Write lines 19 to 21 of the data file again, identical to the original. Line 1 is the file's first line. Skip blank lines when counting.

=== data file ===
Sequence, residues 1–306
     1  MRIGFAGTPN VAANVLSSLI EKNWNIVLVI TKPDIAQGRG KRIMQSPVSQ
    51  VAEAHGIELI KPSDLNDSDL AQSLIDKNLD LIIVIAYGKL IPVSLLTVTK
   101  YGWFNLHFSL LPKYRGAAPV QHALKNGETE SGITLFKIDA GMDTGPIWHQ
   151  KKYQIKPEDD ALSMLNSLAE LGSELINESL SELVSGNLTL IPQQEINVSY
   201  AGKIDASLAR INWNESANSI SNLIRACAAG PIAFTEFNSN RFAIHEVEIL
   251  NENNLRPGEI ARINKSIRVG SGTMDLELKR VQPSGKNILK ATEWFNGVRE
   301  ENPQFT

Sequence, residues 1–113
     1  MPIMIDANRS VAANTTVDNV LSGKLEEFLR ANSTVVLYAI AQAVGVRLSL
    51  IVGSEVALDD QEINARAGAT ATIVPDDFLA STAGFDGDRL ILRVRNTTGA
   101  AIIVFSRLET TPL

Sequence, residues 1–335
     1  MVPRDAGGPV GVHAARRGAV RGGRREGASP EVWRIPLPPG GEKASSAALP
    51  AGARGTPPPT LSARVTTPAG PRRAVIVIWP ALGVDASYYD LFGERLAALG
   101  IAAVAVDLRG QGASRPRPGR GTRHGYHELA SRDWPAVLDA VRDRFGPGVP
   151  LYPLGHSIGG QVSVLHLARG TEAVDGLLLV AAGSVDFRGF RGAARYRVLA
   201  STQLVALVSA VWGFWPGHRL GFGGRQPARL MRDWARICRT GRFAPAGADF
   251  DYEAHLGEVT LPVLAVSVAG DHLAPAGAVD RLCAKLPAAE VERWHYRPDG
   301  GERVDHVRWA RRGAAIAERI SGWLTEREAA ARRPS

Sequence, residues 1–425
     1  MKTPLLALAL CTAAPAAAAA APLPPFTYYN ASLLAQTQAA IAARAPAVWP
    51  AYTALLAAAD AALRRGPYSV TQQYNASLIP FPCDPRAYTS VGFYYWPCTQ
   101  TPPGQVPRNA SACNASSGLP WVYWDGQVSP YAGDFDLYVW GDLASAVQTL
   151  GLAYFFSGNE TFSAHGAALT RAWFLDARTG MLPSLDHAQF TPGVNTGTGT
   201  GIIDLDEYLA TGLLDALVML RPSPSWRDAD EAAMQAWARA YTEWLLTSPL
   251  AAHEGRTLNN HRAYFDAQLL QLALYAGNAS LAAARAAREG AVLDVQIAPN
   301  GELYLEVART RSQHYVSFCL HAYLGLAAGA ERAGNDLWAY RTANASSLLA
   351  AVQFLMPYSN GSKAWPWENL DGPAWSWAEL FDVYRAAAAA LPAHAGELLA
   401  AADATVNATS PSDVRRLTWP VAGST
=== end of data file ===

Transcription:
   251  DYEAHLGEVT LPVLAVSVAG DHLAPAGAVD RLCAKLPAAE VERWHYRPDG
   301  GERVDHVRWA RRGAAIAERI SGWLTEREAA ARRPS

Sequence, residues 1–425